WNIF: Combating Alzheimer’s Together

Phyllis-Ferrell-2013-Bass-headshot - CopyToday’s guest blog comes from Phyllis Ferrell, Lilly’s vice president and platform development leader for the global Alzheimer’s disease team.

Next week I will join colleagues from across the globe for the World Neuroscience Innovation Forum. The goal of the Forum, the first to be hosted at the new Francis Crick Institute in London, is to bring together experts in neuroscience from around the world to spark new insights that will help combat diseases such as Alzheimer’s. The timing couldn’t be better, and as my Lilly colleague Dan Skovronsky, senior vice president of clinical and product development, recently told Forbes, “We’re in a perfect storm for dramatic innovation. It is a perfect storm of breaking science and unmet medical need.”

I agree with Dan – it truly feels like we are at a tipping point for the science of Alzheimer’s disease and Lilly’s commitment to making Alzheimer’s dementia preventable is steadfast.  As results of investigational therapies in Alzheimer’s disease continue to emerge, we are learning what works and what doesn’t. Lilly is committed to being transparent by sharing these data externally to move the field forward, and are hopeful that our industry colleagues will do the same. These scientific results, whether positive or negative, take us one step closer to finding a cure for this devastating disease.

Lilly has long recognized that none of us alone can beat this disease and collaboration is critical to success.  The concept of the World Neuroscience Innovation Forum, hosted by Partners HealthCare and the Francis Crick Institute, is to bring together experts with different perspectives to discuss how to reach a common goal – that is, tackling the most challenging neurological problems.  Alzheimer’s disease is a perfect target for this type of collaboration and there is significant activity already in the pre-competitive space.  For example, a new project called MOPEAD (Models of Patient Engagement for Alzheimer’s disease) aims to clarify the meaning of cognitive decline and raise awareness of symptoms of early stages of Alzheimer’s disease.  Programs like MOPEAD, which focuses on early diagnosis, don’t just benefit research, they also make a difference today for the people who are affected by the disease by giving them the option, dare I say, the right, to consider participation in a clinical trial as part of their personal plans.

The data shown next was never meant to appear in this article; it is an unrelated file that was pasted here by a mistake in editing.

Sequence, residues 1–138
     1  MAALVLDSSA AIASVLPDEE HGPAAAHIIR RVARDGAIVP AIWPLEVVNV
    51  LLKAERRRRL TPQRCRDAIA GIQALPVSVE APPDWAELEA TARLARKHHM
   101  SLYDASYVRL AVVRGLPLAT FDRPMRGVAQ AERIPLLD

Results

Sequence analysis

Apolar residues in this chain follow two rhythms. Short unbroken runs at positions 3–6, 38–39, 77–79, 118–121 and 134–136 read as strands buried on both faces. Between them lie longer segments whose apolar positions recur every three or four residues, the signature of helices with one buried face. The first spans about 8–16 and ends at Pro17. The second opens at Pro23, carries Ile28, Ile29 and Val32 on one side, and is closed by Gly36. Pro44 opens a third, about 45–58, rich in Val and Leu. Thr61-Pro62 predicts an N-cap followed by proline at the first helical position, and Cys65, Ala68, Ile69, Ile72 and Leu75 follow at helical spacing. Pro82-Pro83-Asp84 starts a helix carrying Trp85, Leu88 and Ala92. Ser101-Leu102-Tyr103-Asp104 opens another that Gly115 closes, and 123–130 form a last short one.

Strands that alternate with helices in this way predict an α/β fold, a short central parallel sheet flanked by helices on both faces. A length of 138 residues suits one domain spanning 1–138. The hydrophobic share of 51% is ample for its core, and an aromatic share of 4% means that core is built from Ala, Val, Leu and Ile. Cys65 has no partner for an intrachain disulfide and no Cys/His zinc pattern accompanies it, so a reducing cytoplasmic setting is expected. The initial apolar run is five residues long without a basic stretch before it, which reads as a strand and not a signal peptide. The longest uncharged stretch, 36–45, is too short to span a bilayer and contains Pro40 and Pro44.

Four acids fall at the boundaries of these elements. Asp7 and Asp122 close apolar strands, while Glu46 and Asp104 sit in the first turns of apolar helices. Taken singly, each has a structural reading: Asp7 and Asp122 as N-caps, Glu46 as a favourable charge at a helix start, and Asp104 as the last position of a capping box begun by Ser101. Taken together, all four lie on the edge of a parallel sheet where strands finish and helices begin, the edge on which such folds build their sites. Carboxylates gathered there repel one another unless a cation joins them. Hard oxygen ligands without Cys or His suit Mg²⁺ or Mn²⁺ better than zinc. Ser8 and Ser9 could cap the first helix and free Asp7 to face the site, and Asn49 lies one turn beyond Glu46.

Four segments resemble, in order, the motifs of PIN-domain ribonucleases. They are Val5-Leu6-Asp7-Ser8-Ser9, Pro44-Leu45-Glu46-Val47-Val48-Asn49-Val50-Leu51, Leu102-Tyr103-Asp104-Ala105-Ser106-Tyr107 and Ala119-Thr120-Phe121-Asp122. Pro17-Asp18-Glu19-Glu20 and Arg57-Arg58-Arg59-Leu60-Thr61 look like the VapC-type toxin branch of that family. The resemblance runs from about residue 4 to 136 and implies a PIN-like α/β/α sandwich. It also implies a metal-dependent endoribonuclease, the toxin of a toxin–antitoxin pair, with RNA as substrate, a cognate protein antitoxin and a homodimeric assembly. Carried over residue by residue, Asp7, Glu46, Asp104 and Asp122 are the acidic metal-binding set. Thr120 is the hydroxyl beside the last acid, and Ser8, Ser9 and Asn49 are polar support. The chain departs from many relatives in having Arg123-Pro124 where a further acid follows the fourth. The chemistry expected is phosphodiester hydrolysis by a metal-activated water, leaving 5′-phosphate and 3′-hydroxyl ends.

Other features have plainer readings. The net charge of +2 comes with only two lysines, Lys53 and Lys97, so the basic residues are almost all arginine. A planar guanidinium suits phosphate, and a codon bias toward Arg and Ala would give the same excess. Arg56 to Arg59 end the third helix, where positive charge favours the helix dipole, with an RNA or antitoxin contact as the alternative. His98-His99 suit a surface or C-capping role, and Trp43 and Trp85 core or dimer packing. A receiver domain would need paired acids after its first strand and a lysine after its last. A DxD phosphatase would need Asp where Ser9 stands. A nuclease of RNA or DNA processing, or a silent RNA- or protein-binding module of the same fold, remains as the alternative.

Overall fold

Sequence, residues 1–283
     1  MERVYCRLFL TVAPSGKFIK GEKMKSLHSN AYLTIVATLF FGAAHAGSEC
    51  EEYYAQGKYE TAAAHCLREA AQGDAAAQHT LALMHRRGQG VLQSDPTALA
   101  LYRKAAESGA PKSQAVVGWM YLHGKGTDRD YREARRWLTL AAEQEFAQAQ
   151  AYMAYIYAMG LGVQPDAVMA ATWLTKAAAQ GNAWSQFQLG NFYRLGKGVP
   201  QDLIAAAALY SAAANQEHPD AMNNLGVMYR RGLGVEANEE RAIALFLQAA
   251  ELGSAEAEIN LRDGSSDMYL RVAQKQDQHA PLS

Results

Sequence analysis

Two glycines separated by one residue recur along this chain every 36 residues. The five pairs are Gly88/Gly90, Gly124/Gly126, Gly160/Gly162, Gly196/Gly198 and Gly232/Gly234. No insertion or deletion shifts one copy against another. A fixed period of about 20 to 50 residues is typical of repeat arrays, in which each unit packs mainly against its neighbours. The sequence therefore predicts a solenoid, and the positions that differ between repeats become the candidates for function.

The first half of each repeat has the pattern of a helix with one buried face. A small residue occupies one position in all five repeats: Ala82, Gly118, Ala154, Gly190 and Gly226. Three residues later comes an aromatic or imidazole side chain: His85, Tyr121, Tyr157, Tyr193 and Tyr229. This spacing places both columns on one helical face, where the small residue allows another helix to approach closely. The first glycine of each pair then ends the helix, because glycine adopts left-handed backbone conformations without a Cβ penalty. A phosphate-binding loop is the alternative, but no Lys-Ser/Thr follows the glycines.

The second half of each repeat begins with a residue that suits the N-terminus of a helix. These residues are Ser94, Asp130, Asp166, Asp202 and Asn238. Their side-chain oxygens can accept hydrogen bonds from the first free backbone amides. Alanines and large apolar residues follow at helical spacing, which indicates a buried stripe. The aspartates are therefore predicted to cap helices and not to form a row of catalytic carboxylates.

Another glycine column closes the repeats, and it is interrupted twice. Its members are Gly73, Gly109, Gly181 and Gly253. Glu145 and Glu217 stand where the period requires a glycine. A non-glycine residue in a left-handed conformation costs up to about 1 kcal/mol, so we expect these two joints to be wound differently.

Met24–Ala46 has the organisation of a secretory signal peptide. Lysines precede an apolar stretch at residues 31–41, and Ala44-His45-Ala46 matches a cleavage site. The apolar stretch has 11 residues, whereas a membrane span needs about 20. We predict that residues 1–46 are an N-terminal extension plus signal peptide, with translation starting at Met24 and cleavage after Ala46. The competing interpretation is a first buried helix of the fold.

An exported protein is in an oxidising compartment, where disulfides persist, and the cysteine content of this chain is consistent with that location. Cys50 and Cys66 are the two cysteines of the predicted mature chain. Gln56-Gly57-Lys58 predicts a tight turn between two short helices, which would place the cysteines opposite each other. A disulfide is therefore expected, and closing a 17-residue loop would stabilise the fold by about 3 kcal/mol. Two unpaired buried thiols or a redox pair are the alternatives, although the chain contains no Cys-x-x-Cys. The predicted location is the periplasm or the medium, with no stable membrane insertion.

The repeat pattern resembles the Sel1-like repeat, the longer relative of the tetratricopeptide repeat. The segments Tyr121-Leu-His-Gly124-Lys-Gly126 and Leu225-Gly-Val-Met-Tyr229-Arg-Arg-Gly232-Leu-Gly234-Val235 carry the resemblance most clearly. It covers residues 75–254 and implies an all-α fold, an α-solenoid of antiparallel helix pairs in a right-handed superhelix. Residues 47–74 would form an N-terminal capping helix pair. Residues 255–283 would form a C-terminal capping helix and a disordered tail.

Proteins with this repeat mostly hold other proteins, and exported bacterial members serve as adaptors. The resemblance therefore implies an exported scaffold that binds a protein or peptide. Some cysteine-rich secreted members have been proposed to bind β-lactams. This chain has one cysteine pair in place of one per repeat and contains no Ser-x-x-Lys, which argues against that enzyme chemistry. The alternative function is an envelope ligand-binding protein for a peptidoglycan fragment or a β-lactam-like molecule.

The total estimated worldwide cost of dementia is $818 billion and it is expected to become a trillion-dollar disease by 2018. This disease doesn’t just cripple families; it will cripple our healthcare systems if we can’t find a way to slow it down.  We need more initiatives like MOPEAD – a willingness to join forces and build on collective successes, as well as learn from our mistakes. As we come together on March 27 for the World Neuroscience Innovation Forum, I will be ready and eager to learn from some of the best and brightest leaders in our industry and plan to share those learnings with Lilly and the Alzheimer’s community. The advancement of science depends on studies that conclude with either a positive or a negative outcome; it is only a true failure if we don’t learn from those findings and move forward.   You see, families facing Alzheimer’s disease don’t have the option to quit – and as Lilly Alzheimer’s researchers and scientists, we don’t believe we do either.

Learn more about Lilly’s commitment to Alzheimer’s research at Lilly.com

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